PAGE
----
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Helena's new city manager Ana Cortez

Helena's incoming city manager, Ana Cortez, is sworn in to her new position Monday night in the Helena City Commission chamber.

When asked why she wanted to move to Helena, new City Manager Ana Cortez gestured toward the window of her downtown office.

“I’m a mountain person. That’s kind of the bottom line,” she said. “There’s just that energy.”

So when the native of El Salvador heard about a city manager vacancy in a mountain town that also happened to be the capital of her husband’s home state, she was sold.

“The thought that I was going to be in a city where the public parks infrastructure includes mountains, where else are you going to find that?” she asked.

After being selected from a field of 116 applicants, Cortez was sworn in as Helena’s new city manager Monday evening. Though her contract is only for two years, Cortez said she and her husband recently made an offer on a house and hope to remain in the community for the long term. 

“I would be happy if I could be here for the next 10 years,” she said. “I’m not looking to pad my resume.”

Cortez said her focus as city manager will be to carry out the plans laid out by the mayor and city commissioners.

“One of the wonderful things about my job is that my goals are irrelevant,” she said. “I’m here to execute the goals of the commission and the mayor. Their goals are my goals. Their vision is my vision.”

Those priorities include everything from finding better ways to clear snow and ice from city sidewalks to improving access to affordable housing, Cortez said. She also hopes to make the city’s budgeting process and the budget itself more understandable and accessible to the public.

“A sixth-grader who lives in the city of Helena should know how we’re using his mom and dad’s money,” she said.

As the city’s chief administrative officer, Cortez also has identified some internal changes she’d like to see. Namely, replacing the city’s outdated MS-DOS computers.

“We are in 2019, we need to update our technology so that it is reflective of the times, but most importantly that gives us the efficiencies that technology has awarded us throughout the years,” she said.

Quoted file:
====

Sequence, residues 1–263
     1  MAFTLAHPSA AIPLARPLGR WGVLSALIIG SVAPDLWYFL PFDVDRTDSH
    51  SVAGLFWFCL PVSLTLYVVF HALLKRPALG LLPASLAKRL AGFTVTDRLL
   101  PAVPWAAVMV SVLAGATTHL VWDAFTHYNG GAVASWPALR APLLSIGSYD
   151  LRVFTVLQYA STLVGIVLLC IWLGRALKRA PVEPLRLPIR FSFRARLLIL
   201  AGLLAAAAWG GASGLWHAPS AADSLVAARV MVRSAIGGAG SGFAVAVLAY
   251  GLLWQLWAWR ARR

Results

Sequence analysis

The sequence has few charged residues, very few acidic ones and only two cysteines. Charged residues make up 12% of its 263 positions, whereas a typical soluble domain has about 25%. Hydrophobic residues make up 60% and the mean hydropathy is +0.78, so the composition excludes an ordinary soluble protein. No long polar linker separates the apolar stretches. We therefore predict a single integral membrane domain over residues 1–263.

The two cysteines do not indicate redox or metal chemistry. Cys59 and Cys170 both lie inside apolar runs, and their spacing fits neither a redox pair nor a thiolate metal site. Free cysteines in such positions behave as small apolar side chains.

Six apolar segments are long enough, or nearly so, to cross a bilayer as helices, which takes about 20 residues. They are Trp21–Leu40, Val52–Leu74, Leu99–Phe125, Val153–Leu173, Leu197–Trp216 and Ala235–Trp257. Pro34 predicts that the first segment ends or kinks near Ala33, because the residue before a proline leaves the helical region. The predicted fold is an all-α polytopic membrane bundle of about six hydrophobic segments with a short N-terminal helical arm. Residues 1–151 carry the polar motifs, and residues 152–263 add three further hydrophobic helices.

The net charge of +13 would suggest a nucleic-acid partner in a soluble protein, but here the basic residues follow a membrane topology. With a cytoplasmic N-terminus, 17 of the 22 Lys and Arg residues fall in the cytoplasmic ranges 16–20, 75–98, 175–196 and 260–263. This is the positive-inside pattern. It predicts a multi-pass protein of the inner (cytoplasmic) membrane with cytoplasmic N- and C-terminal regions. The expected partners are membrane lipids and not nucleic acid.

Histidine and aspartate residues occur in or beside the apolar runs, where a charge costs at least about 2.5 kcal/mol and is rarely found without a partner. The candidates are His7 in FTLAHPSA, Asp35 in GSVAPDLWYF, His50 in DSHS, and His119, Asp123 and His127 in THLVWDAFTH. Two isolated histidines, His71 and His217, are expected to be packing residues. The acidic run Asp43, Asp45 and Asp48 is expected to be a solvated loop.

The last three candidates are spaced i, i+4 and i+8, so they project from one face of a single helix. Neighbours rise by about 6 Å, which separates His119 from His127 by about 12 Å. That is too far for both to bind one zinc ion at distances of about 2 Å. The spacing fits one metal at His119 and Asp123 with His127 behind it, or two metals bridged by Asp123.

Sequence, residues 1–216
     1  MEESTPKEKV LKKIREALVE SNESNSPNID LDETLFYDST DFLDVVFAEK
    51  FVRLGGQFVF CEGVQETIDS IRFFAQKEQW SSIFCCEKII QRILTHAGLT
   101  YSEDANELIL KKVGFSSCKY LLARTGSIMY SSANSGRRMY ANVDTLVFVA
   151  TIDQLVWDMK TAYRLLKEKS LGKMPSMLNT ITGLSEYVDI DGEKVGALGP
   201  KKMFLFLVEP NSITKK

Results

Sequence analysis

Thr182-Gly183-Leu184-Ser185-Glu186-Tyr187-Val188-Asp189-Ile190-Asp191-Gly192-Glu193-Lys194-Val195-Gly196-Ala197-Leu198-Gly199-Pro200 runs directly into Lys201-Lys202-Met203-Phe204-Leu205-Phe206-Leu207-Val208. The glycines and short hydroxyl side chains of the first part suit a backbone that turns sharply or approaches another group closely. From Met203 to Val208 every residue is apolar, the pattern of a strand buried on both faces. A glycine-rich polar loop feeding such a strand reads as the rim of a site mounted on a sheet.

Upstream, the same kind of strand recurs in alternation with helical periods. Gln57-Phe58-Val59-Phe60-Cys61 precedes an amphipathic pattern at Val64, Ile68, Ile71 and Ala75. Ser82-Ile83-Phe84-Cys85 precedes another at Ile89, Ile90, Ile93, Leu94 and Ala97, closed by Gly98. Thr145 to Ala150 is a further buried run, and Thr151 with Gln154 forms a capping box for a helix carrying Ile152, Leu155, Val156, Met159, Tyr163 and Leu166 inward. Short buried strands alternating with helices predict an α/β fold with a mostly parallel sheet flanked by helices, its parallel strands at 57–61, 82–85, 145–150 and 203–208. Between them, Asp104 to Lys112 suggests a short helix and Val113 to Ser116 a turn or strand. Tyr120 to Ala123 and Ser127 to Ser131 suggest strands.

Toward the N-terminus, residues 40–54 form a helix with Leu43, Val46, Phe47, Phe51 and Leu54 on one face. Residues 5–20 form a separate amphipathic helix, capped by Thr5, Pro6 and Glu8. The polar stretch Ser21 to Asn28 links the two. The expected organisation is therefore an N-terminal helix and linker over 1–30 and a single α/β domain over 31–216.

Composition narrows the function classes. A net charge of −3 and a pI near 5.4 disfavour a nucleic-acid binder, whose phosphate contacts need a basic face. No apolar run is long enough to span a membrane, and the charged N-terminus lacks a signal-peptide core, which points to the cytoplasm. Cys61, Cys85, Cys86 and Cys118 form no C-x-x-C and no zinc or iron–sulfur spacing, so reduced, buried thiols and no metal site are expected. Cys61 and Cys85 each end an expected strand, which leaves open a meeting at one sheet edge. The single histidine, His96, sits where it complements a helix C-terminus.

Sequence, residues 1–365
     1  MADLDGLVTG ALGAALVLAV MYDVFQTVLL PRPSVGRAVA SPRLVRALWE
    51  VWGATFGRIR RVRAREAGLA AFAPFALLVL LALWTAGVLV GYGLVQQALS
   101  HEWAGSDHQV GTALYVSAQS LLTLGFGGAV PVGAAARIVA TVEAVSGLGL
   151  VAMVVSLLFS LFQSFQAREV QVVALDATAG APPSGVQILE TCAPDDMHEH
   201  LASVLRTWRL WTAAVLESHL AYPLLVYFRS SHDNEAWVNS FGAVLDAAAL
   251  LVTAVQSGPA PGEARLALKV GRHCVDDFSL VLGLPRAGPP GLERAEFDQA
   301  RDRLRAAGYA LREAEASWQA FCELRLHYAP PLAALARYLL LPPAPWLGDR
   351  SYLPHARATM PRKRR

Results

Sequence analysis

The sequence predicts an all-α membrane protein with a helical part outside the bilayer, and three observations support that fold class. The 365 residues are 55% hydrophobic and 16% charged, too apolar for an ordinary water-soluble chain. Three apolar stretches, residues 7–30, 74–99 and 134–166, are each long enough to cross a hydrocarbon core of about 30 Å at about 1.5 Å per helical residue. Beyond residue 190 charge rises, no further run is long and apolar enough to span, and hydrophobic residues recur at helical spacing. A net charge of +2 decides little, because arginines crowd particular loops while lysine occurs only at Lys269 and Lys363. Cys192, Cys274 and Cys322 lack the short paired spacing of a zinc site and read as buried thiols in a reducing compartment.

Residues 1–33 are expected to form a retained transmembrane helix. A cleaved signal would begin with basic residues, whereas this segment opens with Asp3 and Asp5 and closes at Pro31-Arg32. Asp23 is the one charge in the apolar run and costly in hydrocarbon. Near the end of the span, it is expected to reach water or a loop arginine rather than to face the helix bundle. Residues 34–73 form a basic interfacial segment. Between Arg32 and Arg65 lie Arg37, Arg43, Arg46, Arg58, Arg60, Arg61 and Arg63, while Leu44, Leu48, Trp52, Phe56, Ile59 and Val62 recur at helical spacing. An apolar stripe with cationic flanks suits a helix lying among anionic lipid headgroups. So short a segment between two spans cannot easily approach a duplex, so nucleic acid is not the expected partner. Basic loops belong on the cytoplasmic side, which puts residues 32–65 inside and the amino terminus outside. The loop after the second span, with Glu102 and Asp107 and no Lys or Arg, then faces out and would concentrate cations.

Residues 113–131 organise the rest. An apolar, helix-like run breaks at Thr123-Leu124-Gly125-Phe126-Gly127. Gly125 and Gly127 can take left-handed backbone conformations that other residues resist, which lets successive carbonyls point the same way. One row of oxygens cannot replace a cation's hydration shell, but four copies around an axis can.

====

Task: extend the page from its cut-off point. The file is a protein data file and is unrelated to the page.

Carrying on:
Cortez became a special assistant to the mayor of the city and county of San Francisco in 1993 and has held numerous leadership positions with various cities in California in the decades that followed. In 2017 she became the assistant city manager and interim budget and finance director for the city of Yakima, Washington.

But her life story starts in the Central American country of El Salvador, where she was born and lived the first 14 years of her life. As a result of the Salvadoran Civil War, Cortez fled to Brazil in the early 1980s and then moved with her family to San Francisco to be with her father’s relatives.

“It wasn’t my choice,” she said. “It was my parents’ choice.”

Cortez enrolled at the University of California, Berkeley in 1984 to remain close to her family, later earning a bachelor’s degree in Latin American studies. She continued her education at the University of Washington, where she earned a master's degree in public administration. 

“The mountains called me,” she said. “I knew that’s where I belonged.”

Cortez said her husband was born and raised in Miles City after his parents came to Montana from Germany as refugees during World War II. Helena's Liberian-born Mayor Wilmot Collins also came to Montana as a refugee.

“I found it interesting that I’m married to someone with that background, and the mayor has that background,” Cortez said. “He too came as a refugee, and so I just think that it speaks of the spirit of the state of Montana."

Cortez and her husband have two grown children — a daughter in California and a son in Boston.

Cortez is replacing interim City Manager Dennis Taylor, who will remain in his position until Feb. 6 to help with the transition. Taylor replaced Ron Alles, who was the city manager from September 2009 until his retirement in June.

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